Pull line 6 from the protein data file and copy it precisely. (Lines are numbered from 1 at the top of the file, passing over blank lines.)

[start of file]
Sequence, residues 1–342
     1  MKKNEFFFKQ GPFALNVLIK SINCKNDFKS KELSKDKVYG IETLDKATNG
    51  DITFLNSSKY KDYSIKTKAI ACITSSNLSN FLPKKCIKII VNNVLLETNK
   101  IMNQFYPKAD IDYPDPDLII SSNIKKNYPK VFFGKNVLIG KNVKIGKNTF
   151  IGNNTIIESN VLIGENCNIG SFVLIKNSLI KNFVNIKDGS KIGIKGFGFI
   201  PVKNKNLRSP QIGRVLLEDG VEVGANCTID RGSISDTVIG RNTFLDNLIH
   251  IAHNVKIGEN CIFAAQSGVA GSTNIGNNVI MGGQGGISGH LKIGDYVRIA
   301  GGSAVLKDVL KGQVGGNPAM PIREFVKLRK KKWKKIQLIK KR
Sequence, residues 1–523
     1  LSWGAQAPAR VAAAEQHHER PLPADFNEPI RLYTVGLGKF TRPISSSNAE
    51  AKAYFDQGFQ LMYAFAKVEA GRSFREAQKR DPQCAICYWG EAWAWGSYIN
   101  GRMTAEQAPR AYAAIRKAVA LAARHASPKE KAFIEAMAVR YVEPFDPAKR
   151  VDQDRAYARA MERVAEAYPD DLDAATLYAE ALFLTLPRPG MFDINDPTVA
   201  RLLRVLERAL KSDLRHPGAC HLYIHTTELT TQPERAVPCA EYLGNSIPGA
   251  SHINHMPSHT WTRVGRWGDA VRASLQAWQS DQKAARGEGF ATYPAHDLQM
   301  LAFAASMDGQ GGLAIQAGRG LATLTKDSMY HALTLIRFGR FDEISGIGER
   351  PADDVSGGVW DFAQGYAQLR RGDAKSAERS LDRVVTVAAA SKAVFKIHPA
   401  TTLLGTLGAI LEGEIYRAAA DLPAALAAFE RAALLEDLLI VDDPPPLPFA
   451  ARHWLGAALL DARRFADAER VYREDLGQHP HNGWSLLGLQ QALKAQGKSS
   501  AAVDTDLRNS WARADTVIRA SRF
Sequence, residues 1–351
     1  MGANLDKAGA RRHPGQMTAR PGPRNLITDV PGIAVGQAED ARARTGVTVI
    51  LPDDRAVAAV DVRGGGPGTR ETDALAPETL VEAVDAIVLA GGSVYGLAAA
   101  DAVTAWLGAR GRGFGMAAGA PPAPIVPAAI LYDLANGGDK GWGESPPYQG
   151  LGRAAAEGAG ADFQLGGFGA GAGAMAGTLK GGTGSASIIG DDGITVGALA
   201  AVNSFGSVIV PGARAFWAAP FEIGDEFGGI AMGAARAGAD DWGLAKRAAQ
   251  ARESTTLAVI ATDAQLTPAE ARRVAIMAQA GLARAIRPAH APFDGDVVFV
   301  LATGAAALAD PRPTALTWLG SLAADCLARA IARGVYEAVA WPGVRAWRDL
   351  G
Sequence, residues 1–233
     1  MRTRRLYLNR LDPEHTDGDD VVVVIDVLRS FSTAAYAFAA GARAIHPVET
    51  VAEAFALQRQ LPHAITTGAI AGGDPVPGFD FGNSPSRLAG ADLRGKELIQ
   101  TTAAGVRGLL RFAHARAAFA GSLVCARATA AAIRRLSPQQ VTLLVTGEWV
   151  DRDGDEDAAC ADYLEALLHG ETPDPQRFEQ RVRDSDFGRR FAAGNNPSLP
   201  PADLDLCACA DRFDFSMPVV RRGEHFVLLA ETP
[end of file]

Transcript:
   201  PVKNKNLRSP QIGRVLLEDG VEVGANCTID RGSISDTVIG RNTFLDNLIH